The Wall Street Journal posed a critical question in a new video out on “Why Banned Cotton From China is So Hard to Keep Out of the U.S.”
The video, which is posted on the Wall Street Journal’s website here, features NCTO President and CEO Kim Glas and NCTO member, Applied DNA Sciences President and CEO James Hayward.
It traces the Chinese cotton supply chain, which is under fire globally for utilizing illegal forced labor, and highlights how contradictory government policies and insufficient enforcement have failed to prevent cotton apparel made with forced labor in Xinjiang, China from entering the U.S. market.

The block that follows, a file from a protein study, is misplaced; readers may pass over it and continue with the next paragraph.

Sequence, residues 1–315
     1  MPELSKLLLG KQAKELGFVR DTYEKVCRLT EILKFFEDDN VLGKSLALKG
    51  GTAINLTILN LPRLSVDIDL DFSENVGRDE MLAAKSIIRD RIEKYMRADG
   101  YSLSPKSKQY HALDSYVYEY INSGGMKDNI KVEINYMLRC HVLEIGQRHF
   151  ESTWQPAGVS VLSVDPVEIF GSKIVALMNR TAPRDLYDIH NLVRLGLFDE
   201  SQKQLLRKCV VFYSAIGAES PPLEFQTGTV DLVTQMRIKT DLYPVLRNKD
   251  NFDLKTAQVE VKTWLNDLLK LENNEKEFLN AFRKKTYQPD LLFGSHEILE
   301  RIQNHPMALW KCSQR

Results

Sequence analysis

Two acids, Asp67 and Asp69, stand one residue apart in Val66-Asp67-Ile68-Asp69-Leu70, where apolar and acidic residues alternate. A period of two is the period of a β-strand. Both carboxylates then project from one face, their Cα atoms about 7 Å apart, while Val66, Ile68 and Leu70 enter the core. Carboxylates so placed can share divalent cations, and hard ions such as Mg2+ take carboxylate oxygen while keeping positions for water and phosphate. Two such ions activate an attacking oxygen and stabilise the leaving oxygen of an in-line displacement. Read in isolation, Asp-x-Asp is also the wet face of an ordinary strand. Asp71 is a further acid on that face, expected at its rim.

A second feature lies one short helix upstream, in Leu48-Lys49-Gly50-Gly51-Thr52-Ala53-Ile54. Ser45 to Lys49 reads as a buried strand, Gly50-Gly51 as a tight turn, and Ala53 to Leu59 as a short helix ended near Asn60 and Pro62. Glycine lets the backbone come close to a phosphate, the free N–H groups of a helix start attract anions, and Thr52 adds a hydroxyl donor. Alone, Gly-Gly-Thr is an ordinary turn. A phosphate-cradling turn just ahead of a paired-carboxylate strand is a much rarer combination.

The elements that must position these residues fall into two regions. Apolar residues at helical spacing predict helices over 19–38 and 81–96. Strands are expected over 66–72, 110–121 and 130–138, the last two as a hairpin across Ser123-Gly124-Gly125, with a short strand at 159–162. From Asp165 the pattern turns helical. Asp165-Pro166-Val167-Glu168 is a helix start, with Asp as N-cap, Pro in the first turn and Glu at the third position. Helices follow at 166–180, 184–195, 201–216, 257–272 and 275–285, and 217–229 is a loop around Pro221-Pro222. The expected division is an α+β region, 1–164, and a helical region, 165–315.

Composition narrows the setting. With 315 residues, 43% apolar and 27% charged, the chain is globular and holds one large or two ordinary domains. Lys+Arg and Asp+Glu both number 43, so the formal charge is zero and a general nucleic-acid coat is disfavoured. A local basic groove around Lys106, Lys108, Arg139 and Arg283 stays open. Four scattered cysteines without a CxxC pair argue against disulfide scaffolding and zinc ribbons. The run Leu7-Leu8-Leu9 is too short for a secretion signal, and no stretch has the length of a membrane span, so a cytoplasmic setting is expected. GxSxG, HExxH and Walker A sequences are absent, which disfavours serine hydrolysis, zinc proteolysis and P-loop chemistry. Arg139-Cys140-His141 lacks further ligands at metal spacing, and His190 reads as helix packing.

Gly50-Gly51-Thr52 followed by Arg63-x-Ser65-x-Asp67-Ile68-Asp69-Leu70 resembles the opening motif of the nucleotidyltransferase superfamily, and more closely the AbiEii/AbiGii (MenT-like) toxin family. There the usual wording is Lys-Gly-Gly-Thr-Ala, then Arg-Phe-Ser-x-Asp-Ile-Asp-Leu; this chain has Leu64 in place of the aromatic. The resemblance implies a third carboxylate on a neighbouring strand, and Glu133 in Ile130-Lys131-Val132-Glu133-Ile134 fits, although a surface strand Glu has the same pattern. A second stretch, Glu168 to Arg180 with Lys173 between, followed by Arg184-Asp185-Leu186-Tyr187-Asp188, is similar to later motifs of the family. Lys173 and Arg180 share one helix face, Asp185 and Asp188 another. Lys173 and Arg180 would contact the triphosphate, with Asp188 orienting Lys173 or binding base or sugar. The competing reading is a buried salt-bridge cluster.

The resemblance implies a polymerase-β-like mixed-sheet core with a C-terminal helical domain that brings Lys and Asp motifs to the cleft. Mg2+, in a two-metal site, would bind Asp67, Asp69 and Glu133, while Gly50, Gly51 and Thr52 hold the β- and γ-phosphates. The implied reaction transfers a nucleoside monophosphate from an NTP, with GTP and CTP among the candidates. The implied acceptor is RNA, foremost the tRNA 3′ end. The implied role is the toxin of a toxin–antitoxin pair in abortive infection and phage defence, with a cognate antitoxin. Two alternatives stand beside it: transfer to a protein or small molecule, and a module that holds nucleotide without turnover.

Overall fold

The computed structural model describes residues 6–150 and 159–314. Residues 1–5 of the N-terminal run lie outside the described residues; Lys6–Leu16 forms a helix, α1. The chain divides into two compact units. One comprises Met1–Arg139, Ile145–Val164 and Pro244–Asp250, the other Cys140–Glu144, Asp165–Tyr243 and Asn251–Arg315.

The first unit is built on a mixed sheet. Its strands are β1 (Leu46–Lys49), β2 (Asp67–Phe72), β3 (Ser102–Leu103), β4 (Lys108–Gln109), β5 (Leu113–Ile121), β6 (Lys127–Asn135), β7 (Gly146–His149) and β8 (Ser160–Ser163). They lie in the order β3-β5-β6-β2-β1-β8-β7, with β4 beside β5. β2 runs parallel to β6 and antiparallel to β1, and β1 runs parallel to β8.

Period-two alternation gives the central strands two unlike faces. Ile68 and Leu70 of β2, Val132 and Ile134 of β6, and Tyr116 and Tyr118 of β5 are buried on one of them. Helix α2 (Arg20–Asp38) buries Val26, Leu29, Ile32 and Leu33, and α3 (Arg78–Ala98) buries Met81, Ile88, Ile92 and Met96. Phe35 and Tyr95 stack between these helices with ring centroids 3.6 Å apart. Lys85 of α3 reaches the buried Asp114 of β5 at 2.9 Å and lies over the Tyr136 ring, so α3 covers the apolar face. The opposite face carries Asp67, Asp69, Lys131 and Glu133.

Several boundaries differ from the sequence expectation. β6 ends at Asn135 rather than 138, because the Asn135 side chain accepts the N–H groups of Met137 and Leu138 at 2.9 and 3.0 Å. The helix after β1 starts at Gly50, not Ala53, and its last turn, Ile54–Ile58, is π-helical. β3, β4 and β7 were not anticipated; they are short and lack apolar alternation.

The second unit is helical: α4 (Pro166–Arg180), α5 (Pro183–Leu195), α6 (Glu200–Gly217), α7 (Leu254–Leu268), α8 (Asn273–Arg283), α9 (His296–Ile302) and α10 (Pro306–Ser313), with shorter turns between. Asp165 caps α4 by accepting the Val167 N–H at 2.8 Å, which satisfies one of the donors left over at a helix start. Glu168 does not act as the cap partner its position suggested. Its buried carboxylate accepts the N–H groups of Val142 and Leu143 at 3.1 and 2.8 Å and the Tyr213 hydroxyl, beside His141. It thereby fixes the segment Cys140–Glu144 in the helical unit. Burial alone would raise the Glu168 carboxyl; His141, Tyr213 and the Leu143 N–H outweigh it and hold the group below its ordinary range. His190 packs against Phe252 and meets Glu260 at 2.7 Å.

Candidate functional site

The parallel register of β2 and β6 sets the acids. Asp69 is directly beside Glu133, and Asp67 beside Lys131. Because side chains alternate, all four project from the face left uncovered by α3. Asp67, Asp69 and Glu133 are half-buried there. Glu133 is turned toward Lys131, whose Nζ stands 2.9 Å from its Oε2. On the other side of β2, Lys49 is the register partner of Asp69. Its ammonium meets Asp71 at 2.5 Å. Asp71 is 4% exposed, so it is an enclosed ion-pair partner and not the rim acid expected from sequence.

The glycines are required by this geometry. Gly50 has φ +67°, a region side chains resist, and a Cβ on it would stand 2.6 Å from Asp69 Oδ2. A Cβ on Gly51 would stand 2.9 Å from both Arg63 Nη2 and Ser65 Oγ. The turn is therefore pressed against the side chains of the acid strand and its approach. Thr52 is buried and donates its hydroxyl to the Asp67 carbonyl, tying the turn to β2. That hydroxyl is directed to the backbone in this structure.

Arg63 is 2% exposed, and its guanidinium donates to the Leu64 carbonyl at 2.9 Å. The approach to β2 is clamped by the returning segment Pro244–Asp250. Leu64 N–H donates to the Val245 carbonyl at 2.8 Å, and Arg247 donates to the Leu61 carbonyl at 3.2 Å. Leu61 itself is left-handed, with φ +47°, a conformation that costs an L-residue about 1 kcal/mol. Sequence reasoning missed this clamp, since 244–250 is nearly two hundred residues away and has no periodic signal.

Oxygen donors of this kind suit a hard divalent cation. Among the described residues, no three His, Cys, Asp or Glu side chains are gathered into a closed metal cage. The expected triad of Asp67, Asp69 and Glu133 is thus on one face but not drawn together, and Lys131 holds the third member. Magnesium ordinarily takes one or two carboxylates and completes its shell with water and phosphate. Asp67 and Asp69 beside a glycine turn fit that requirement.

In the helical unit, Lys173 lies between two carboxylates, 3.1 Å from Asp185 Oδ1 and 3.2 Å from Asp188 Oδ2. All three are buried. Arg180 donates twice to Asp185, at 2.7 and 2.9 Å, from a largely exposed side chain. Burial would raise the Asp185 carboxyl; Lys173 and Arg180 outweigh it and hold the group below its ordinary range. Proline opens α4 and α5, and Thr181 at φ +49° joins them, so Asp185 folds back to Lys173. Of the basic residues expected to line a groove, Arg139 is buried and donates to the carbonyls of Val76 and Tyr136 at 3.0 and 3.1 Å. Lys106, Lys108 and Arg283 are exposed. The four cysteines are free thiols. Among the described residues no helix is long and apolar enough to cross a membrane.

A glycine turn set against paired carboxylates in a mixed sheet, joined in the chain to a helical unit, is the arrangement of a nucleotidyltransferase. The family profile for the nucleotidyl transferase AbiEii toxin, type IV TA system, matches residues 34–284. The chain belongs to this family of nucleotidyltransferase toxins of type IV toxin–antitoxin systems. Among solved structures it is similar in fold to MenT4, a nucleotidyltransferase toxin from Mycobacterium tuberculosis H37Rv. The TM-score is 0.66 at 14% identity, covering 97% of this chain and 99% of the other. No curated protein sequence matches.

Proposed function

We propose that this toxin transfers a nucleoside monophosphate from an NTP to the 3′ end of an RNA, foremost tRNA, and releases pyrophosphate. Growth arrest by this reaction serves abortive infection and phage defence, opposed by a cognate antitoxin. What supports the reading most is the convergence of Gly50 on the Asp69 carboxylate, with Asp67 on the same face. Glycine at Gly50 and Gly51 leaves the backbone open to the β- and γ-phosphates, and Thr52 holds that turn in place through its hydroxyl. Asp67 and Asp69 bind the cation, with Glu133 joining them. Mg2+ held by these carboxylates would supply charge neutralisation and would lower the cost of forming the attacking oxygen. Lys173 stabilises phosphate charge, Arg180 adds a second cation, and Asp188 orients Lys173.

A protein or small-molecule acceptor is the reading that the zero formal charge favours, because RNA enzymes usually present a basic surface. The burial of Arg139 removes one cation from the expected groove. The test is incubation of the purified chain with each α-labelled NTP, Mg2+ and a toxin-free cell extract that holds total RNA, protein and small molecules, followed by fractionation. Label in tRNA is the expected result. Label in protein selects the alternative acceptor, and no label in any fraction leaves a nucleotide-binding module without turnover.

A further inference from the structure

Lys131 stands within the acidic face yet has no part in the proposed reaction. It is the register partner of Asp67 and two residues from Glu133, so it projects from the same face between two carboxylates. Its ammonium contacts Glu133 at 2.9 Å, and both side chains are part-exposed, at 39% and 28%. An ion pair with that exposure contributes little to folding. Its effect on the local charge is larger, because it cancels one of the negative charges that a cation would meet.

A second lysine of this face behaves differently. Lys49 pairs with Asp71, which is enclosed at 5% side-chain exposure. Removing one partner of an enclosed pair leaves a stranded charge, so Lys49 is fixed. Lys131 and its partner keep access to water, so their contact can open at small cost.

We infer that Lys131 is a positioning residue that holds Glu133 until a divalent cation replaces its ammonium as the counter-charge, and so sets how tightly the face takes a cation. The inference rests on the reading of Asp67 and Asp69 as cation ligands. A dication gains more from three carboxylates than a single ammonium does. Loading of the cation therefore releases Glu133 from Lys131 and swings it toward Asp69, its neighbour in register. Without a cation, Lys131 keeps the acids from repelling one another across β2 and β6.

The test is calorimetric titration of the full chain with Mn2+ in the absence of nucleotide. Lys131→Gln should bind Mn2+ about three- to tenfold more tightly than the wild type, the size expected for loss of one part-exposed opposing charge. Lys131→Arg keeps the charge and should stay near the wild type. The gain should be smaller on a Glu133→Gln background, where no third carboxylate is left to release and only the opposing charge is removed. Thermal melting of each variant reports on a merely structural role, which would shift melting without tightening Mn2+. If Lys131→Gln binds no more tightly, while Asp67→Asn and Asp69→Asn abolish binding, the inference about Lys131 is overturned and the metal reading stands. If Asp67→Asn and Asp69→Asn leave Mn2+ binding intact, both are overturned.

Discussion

There is no doubt that the cotton apparel made with forced labor in Xinjiang, China and imported to the U.S. is severely impacting the competitiveness of the U.S. textile industry.
In fact, the low level of enforcement by Customs and Border Protection (CBP) is extremely concerning, given that legislation known as the Uyghur Forced Labor Prevention Act (UFLPA), which bans the importation of imported products made by forced labor, was implemented 14 months ago.
At the same time, nearly 3 million shipments per day come into this country under the Section 321 de minimis mechanism, largely uninspected and duty free, which gives China another backdoor to our market and rewards their predatory trade practices.
NCTO is calling for stepped up enforcement of the UFLPA and closure of the “de minimis” loophole, which facilitates this trade and gives China duty-free backdoor access to the U.S. market.
In the video, the Wall Street Journal “unpacks the complexity of the supply chain to explain why experts believe much of the cotton is still making its way to the U.S.”